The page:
WHO: Members of the Greater Rochester community will explore how the city's schools, courts, and communities can use restorative justice practices as an alternative to the judicial system.
TIME, DATE, PLACE: 1 to 5 p.m. on Saturday, Sept. 18, at Rochester City Hall (121 North Fitzhugh Street).
WHAT: This week, a series of events called Restorative Rochester included workshops, lectures, and practice sessions led by restorative circles pioneer Dominic Barter, who shared how these techniques can be used in schools and municipalities.
At Saturday's City Hall conference, community members will take what Barter has taught them and brainstorm together how best to bring restorative practices to Rochester. The event will include presentations by area restorative practice organizations and remarks by local leaders.
Restorative Rochester is sponsored by the MK Gandhi Institute for Nonviolence at the University of Rochester and several other local organizations.
ABOUT RESTORATIVE JUSTICE: This innovative practice, which relies on restorative circles to repair the harm created by a crime or conflict, was recently praised by the UK National Endowment for Science, Technology and the Arts as "radically effective." In their report, they noted that the Campinas Municipal School District in Brazil saw the number of student arrests drop by 98 percent after implementing restorative circles in their schools. In 2008, 71 police visits resulted in arrests, in 2009, only one police visit ended in an arrest.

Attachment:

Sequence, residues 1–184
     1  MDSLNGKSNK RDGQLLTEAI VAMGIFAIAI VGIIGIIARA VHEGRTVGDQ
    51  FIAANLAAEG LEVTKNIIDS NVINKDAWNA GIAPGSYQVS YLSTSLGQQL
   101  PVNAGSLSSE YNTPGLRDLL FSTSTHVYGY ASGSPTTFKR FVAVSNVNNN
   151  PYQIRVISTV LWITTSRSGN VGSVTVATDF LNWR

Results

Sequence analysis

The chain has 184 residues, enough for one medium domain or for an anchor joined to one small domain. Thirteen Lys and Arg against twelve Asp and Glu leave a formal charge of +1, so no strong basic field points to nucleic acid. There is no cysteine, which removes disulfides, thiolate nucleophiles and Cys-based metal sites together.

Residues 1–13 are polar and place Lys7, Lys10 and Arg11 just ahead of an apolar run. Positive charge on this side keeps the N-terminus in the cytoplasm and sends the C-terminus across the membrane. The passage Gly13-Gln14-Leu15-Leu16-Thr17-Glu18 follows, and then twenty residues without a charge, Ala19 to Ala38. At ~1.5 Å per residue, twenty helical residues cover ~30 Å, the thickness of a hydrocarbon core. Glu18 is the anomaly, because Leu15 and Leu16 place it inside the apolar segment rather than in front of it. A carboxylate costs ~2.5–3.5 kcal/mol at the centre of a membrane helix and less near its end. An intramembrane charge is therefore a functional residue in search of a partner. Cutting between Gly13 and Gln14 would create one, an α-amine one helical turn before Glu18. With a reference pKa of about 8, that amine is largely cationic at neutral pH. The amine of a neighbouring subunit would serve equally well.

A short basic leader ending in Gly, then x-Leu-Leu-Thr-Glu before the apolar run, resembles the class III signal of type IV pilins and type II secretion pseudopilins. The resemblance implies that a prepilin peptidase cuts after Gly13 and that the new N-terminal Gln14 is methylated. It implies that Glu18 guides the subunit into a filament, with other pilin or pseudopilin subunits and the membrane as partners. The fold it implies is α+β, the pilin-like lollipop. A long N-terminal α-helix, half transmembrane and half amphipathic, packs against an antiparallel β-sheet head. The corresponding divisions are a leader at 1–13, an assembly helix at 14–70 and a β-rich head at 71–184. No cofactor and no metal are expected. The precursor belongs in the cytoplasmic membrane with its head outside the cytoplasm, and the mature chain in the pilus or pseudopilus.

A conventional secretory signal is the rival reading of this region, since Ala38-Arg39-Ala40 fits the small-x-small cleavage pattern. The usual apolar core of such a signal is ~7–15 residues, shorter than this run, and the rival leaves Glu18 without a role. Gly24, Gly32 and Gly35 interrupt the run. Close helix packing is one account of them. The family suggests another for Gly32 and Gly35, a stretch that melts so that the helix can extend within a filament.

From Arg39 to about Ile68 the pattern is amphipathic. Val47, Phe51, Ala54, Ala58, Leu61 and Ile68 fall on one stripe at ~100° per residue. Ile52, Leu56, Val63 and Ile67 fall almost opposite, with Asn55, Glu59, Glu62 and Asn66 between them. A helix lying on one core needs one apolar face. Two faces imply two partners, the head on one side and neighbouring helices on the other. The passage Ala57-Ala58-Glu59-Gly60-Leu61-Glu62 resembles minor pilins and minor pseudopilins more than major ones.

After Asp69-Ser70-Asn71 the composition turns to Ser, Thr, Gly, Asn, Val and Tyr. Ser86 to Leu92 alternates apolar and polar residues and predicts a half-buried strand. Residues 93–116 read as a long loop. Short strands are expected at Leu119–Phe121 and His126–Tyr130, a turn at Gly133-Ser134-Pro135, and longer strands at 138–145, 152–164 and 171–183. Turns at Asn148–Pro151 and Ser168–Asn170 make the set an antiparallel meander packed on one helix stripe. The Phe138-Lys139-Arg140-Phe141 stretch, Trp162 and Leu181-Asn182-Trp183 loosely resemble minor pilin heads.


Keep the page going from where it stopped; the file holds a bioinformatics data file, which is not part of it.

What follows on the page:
The system's strength lays its grassroots nature; volunteer community members agree to use restorative justice in the prevention and response to conflict. The chief goal of the system is to help all involved understand why a person may have caused harm. For those living in poverty, the choice between taking care of themselves at someone else's expense often seems like necessity. In a restorative circle, the outcome often creates a concrete action that demonstrates taking care of oneself and others does not have to be mutually exclusive.
FOR MORE INFORMATION: For more information about the conference, e-mail Melissa Greco Lopes at firstname.lastname@example.org or call 585.260.6666.